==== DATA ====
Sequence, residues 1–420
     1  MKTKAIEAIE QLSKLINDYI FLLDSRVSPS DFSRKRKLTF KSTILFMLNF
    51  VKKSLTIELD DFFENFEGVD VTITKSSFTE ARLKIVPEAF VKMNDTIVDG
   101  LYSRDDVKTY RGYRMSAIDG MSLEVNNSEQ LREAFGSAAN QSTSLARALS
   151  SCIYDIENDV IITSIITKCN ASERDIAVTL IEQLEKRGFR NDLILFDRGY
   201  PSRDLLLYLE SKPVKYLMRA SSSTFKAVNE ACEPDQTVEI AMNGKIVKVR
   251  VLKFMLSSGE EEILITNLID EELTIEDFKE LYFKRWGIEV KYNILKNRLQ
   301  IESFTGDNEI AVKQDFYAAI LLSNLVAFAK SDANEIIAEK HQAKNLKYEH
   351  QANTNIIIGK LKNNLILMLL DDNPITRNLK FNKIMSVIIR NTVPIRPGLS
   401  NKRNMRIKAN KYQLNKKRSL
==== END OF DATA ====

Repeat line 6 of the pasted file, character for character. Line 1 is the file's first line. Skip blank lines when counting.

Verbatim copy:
   201  PSRDLLLYLE SKPVKYLMRA SSSTFKAVNE ACEPDQTVEI AMNGKIVKVR